The next one’s slightly different to this one, but similar in cut footage and things like that. We basically just told him what the songs were about, like I just explained to you. It’s about a person seeing all these things going wrong in society and then needing to shut themselves away from it for a little bit. Let’s say it’s something traumatic like going to war, or something like that, or having a traumatic experience with medical things. I supposed that’s kind of the overarching imagery that we’ve used a lot in the band already. But, in particular for this album, the artwork itself is all cut and paste stuff from a bunch of old National Geographic science editions.
All these different terrible things that happen in society and in the world can effect the operation of your senses, test your patience, and test your capacity to survive through them.
It’s an interesting point; we’ve only had social media for ten years. Our brains are ancient hardware running modern software. No wonder it’s making us crazy. Is that another theme of the album?
Probably not outwardly, but it’s definitely part of some of the thinking. I mean, that’s why a lot of the songs are about sci-fi stuff. One of the songs is about, it’s Searing Wire. One of the songs on there is about a short story that’s about a guy who is always seeking something better. He’s constantly climbing up a mountain to seek something better. Then, he finally gets to the edge of the mountain and the top of the mountain just becomes the bottom of the mountain again. He spends his whole life trying to get there and then he ends up just following this cycle.
Our thinking is a lot about how it’s created a routine. You often feel bad about the routine you have by spending time on your phone, looking on Instagram and seeing all the cool stuff everyone else is doing while you’re at work every day. My sister’s been travelling for the last six months. So I have a stark reminder that I’m sat in an office and she’s out doing fun things.
Back in the day, being in a band was an excuse to drink and have fun. We have careers and houses and kids now. Mental Cavity is now a great way to release some built up energy and some opinions you have about things that you have to go through every day.
Since Metal for the Brain is RIP in peace, what’s the Canberra scene like now?
Canberra had a little decent resurgence in the hardcore scene after Metal for the Brain. So, that popped off for a bit. Then, it kind of died out for a while. I think it wasn’t helpful that a lot of bands like I Exist, for example, ended up started doing tours more than previously. We were just playing in Canberra all the time. I think in Canberra, for a while, it was going really well with metal. Then, it got put on the map a little bit for international bands, and stuff. Then, it just got flooded and there was an international band playing in Canberra every other day.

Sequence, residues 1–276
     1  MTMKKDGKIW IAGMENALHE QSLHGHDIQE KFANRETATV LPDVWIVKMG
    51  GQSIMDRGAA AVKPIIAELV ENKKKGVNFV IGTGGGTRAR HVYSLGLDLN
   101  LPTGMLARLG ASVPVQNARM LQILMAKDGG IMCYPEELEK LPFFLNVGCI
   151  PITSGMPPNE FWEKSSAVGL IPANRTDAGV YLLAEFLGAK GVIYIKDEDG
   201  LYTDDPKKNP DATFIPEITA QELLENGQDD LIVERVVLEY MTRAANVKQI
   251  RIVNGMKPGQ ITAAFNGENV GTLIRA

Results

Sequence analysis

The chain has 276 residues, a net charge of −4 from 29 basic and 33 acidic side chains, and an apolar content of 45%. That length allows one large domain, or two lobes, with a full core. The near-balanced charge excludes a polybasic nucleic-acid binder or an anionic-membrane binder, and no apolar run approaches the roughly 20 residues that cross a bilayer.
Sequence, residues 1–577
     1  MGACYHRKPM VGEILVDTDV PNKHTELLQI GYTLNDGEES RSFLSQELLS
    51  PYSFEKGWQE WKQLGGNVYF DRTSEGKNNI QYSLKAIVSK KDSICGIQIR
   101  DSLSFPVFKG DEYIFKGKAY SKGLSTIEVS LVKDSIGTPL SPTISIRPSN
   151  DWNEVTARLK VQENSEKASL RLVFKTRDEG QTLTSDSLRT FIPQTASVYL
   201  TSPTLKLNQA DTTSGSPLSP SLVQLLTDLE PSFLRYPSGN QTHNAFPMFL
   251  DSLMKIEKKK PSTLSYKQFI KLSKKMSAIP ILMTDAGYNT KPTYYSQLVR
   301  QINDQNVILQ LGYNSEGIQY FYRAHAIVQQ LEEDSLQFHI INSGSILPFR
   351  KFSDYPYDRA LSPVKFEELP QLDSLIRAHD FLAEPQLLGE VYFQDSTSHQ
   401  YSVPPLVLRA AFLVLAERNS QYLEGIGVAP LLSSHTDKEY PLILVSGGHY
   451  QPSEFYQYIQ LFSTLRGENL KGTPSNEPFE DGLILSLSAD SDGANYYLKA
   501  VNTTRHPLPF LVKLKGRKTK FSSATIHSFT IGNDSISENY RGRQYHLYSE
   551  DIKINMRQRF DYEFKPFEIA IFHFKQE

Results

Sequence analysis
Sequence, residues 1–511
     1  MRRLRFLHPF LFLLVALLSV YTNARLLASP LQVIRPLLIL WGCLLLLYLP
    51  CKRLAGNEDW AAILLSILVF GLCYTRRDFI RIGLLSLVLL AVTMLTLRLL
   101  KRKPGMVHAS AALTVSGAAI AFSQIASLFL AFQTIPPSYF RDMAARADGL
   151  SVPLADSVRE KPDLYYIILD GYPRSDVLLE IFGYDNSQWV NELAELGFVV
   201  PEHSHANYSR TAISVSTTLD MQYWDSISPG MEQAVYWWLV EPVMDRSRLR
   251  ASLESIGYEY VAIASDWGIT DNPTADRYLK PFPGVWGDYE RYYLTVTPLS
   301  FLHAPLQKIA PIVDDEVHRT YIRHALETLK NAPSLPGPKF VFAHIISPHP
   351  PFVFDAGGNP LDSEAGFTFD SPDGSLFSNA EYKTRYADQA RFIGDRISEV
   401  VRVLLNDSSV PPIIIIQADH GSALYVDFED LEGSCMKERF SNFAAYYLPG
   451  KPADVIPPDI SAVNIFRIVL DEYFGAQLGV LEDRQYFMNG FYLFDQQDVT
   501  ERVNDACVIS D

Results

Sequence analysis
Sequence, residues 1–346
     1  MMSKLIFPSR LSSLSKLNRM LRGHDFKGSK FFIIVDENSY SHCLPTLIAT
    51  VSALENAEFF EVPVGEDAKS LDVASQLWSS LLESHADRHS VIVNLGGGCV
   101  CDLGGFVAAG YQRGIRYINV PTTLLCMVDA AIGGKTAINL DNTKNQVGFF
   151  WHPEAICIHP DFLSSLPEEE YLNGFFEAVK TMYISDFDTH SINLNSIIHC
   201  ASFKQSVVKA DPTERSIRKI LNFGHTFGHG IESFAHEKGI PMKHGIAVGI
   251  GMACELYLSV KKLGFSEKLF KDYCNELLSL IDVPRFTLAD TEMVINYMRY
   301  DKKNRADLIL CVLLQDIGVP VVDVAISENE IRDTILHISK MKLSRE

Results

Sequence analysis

Since around the time Mental Cavity started, we started having good resurgence again of lots of other little local bands. Once the older guys that were in the bands that played Metal for the Brain, and things like that, are now all in newer bands, as well. They had some time off and shit. Now, they’re back playing, which is really cool.
I remember when I first moved to Melbourne and people were like, “Oh, this is a really mixed bill.” When a hardcore band would play with a metal band. I was like, “You motherfuckers got to come to Canberra.” Because every show in Canberra’s a punk band, a metal band, a hardcore band, a this band, a solo noise act. When we grew up, it’s just what you did. Even our band members are from metal, punk, and hardcore scenes.
What’s on the horizon for Mental Cavity? You’re playing with Eyehategod in Canberra soon.
Yep, in November. Then we’re playing with Crowbar the day of the album release. We’ll hopefully try and hit Japan again, too.
Since you’ve done the band thing before, what are you doing now that’s different?
When you start a band after your other one’s done stuff, you do this one a bit differently. So, everything we do in this one’s as professional as we would have done for a band that had a lot more success. So, we really got to try and build this one up. So, we’re really keen and conscious to try and play as much as we can, and be out there, and get as many people to hear this music as we can.